Downwind Challenges for L2Z Windsurfers
Reflections from a training weekend on the Isle of Wight by Craig Rogers
On 5 January we will set off to cover 570 kilometres from Lamu to Zanzibar. This was an idea which was conceived nearly 12 years ago after several beers in Diani with professional kitesurfer, Kirsty Jones. It's only now that we start to think about what's required and the distances we will cover that we realise how difficult this task really is.
On the longest days we will cover as much as 100 km (but this could be more like 150kms as we explain below!)
A kitesurfer can go pretty much dead down-wind - it's hard work and it requires a different technique but as Jason has proved with two major downwinders (Australia-Papua New Guinea and Great Barrier Reef) it's possible. However on a wind surfer it is a different proposition entirely - a planing windsurfer is most comfortable sailing at 90 degrees to the wind, or on a close reach (heading upwind). However to achieve our goal we will have to sail as broad as possible to minimise extra mileage. We were always aware of this and had factored in an extra 30% in each route segment.
However a meeting with 13 times British Champion and technique guru, Guy Cribb, brought us crashing back to reality. Guy is a veteran of ocean-crossings and downwinders (including crossing the English Channel from Cherbourg to Poole with World Champ, Antoine Albeau).
Guy explained that sailing so far down wind would require not only different technique but also bigger sails / boards to compensate for the reduction in "apparent" wind as you bear-off. As we compared notes from his previous expeditions it became apparent that we would not only have to be extremely fit (to manage 6-7 hours sailing each day) but also to iron out any issues in our technique and to prepare our equipment extremely well.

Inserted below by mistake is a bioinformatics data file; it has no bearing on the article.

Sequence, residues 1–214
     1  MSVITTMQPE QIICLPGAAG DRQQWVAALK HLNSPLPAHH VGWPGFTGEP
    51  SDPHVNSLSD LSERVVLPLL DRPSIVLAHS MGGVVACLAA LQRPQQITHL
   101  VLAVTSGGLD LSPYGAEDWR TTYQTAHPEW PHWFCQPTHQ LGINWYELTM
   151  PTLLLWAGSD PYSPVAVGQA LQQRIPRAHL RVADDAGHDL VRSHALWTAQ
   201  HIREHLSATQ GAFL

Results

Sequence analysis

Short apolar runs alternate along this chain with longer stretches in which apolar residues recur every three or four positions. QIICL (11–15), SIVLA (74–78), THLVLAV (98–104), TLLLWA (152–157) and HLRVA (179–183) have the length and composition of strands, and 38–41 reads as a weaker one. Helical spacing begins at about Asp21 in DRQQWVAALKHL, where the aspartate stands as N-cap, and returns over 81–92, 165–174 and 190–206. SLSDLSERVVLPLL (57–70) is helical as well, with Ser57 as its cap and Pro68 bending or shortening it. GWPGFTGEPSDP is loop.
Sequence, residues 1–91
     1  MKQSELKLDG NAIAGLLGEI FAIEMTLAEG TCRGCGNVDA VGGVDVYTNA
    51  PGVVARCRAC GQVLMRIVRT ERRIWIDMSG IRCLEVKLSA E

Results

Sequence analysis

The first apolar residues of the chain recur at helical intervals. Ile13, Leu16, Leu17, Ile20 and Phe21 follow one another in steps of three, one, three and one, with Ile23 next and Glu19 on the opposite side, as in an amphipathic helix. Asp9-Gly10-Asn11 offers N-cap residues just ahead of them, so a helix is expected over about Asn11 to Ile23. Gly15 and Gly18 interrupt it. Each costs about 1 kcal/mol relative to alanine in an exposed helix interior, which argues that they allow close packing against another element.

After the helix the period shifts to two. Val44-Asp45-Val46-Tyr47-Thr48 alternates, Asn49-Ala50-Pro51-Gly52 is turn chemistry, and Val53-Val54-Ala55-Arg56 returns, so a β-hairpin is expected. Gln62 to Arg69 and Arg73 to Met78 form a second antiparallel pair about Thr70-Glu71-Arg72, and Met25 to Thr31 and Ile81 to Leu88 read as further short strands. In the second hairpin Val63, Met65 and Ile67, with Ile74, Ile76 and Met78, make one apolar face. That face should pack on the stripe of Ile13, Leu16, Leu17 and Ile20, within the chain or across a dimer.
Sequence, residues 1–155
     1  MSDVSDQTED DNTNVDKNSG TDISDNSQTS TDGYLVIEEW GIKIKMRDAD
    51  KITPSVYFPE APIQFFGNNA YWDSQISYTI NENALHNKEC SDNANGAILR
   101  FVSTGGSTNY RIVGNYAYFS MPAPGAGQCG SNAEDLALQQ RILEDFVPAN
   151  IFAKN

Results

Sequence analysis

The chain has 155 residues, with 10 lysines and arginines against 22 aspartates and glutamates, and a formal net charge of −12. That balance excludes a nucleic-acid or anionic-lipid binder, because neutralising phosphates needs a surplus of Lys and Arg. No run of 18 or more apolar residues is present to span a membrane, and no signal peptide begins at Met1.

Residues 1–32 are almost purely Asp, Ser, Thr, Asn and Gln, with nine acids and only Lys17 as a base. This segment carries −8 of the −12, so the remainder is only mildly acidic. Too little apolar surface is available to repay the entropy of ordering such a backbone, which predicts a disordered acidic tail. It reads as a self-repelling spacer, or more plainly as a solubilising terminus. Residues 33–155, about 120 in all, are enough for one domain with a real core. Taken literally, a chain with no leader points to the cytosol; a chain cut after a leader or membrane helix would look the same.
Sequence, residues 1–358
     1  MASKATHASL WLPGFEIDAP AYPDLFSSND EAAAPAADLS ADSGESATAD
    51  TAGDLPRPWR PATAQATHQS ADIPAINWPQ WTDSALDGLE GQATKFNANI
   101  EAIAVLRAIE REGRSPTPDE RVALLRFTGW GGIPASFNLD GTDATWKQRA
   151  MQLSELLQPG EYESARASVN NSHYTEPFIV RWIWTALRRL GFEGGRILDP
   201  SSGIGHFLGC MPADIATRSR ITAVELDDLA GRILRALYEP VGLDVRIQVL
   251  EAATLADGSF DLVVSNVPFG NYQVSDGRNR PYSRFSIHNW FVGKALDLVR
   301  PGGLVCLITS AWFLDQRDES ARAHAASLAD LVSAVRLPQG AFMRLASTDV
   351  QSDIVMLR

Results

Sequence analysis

The following weekend, we headed to the Isle of Wight to celebrate Stefano, Jason and Eugene's 40th birthday. Two other L2Z team members were there - Marc and Alex.
We were blessed with 35 knot winds on Saturday and 20 knots (and waves) on Sunday.
On Saturday everywhere was blown-out with storm force winds and high-tides making for very sketchy launch on all West-facing beaches. We used Google earth and a bit of trial-and-error to find a hidden spot down a secluded farm track on the north side of the island. With an easy launch into flat water and were able to test Guy's theories by sailing to the mainland and back in 20 minutes - a distance of about 12 kilometres. We were using 4.7 meter sails and 7 meter kites - far smaller than we expect to use for the Lamu trip. Conditions were a far cry from Kenya (with short chop and viscous squals) but it was good training nonetheless.
On Sunday (with fuzzy heads for the previous nights festivities) we sailed at Brook, on the West side of the island. We rigged in a grassy meadow before scrambling down the cliff with our gear, launching into a heavy, mud-coloured shore-break and enjoying a fun session in chest-high waves. Obligatory team photo for the blog before heading back to the farmhouse for a well earned lunch and an afternoon with our families.
Two days on the water gave us the chance to blow away the cobwebs, work together as a team, and tear out our equipment.
Next weekend is a Public Holiday here - fingers crossed for more wind!